Appalachian Music Fellowship 3

Berea College Appalachian Music Fellowship

Day 3, June 3, 2009

Today I’ve read interviews with Lily May Ledford, the other Coon Creek Girls, and other friends, and family members of Lily May. Ledford’s daughter, Barbara, gave an interview in 1996 and spoke candidly about the control that Ledford’s manager (John Lair) and husbands exerted over her. According to the daughter, Ledford hated this control and manipulation but would not confront them or stand up for herself.

Ledford’s daughter says: “He (John Lair) probably wanted them (The Coon Creek Girls) to be perceived as unique, you know, the first women string band, but yet, he did not want them to be perceived as feminists, or someone who would upset the apple cart in their community. . . . he did not want, like on a religious level or a social level, for them to be perceived as people who would go over the line. . . . He wanted them to be spunky on stage, but he didn’t want them to be feminists on stage. And so he controlled that very closely. The kinds of things they said on stage—he didn’t want them to say much. He just wanted them to play. And the things that they said on stage were usually led by men. You know, men were the emcees.”

Yet, Lily May speaks of being an independent woman, on the road with other women as the Coon Creek Girls. (This is from a 1976 interview in SingOut! magazine):

“Playing shows on down in Georgia and the Carolinas and Alabama, you were insulted by the audience. They were mostly men, there were seldom any women, at the shows. They’d be drinkin’, and they’d make fun of our calico dresses and high-top shoes, and on one or two occasions we’d have to fight them. They’d come back in the alley where we’d be loading the car, and a few of these—we call ‘em hoods, now, my kid does—they’d follow us back there, and stand off and make fun and say insulting things and make cracks about us to one another and laugh.
“We’d have these high-top shoes strung around our necks—we didn’t pack ‘em, we just threw them in the car. And we attacked them! Me and my sisters, did we beat the devil out of ‘em with our shoes! And did it surprise them! They had no idea! We had a couple fights like that and they backed off and left.”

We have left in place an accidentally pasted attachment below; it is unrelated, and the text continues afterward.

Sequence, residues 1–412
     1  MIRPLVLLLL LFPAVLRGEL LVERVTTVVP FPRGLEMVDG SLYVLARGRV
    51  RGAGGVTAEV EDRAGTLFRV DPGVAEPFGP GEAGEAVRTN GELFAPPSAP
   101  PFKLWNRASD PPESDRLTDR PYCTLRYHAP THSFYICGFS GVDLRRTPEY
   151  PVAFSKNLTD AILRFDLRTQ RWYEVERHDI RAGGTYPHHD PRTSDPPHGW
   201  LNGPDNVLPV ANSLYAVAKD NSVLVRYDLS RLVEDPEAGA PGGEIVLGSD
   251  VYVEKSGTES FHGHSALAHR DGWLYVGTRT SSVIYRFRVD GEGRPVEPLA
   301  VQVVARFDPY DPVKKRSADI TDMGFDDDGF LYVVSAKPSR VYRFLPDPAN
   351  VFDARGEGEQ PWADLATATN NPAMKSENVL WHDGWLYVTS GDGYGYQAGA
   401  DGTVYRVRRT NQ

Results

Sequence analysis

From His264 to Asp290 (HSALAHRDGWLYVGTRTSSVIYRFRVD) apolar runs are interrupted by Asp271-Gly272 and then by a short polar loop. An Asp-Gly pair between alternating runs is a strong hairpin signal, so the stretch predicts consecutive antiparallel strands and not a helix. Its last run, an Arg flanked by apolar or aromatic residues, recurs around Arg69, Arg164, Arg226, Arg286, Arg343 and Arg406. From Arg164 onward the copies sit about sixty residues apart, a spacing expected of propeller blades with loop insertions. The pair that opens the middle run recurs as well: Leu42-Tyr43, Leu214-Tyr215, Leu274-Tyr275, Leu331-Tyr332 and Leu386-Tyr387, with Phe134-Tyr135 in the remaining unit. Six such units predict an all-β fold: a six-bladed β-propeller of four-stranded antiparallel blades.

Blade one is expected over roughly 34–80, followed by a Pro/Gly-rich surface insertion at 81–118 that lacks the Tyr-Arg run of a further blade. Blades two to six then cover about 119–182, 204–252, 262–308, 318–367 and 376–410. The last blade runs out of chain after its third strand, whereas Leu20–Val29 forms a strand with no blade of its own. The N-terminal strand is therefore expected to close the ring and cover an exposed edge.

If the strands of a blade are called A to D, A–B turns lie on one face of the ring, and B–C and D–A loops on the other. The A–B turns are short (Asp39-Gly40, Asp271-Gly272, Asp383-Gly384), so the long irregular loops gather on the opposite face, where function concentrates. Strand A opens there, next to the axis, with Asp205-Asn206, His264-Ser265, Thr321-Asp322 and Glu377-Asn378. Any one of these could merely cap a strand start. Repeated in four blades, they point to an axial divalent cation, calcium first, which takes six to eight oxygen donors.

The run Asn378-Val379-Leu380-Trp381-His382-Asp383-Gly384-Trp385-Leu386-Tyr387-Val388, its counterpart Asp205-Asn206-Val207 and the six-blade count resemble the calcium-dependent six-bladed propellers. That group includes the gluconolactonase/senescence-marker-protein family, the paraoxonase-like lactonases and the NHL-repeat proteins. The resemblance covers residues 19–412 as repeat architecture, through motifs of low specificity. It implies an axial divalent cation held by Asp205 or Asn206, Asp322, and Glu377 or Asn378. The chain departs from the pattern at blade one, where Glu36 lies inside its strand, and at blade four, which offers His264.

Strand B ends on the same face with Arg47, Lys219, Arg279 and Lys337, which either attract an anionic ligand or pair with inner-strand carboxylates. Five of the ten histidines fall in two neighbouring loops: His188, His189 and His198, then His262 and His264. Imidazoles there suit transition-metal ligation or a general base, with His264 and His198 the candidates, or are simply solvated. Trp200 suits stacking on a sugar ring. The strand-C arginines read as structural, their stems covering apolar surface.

I’m starting to get a much more complete notion of Lily May’s inner life. Tomorrow I’m going to do some listening of 1930s Coon Creek Girls recordings.

–from the Berea College Special Collections, Hutchins Library

Published by Marianne Worthington

Marianne Worthington is a poet, editor, and co-founder of Still: The Journal, an online literary magazine publishing writers, artists, and musicians with ties to the Appalachian region since 2009. She received the Al Smith Fellowship from the Kentucky Arts Council and the Appalachian Book of the Year Award for her poetry chapbook, Larger Bodies Than Mine. She was awarded grants from the Kentucky Foundation for Women and the Appalachian Sound Archives Fellowship at Berea College. She co-edited, with Silas House, Piano in a Sycamore: Writing Lessons from the Appalachian Writers’ Workshop, a writing craft anthology from teachers at the Appalachian Writers’ Workshop from the last 40 years. Her work has appeared or is forthcoming in Oxford American, CALYX, Grist, Shenandoah, The Louisville Review, Appalachian Review, Cheap Pop, and Chapter 16, among other places. She lives in Williamsburg, Kentucky, and teaches communication studies, media writing, and journalism at University of the Cumberlands. Her poetry collection, The Girl Singer, is available from University Press of Kentucky, 2021.

Leave a Reply

Fill in your details below or click an icon to log in: Logo

You are commenting using your account. Log Out /  Change )

Twitter picture

You are commenting using your Twitter account. Log Out /  Change )

Facebook photo

You are commenting using your Facebook account. Log Out /  Change )

Connecting to %s

%d bloggers like this: